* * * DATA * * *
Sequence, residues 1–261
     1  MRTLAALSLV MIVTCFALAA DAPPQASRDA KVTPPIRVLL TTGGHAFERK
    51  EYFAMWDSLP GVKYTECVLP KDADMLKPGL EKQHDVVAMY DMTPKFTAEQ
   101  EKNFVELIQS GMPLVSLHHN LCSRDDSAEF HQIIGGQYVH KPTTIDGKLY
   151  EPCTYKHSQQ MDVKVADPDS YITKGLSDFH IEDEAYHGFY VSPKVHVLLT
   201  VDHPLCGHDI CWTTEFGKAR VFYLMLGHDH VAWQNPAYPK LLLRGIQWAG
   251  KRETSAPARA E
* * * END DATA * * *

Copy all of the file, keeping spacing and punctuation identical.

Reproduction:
Sequence, residues 1–261
     1  MRTLAALSLV MIVTCFALAA DAPPQASRDA KVTPPIRVLL TTGGHAFERK
    51  EYFAMWDSLP GVKYTECVLP KDADMLKPGL EKQHDVVAMY DMTPKFTAEQ
   101  EKNFVELIQS GMPLVSLHHN LCSRDDSAEF HQIIGGQYVH KPTTIDGKLY
   151  EPCTYKHSQQ MDVKVADPDS YITKGLSDFH IEDEAYHGFY VSPKVHVLLT
   201  VDHPLCGHDI CWTTEFGKAR VFYLMLGHDH VAWQNPAYPK LLLRGIQWAG
   251  KRETSAPARA E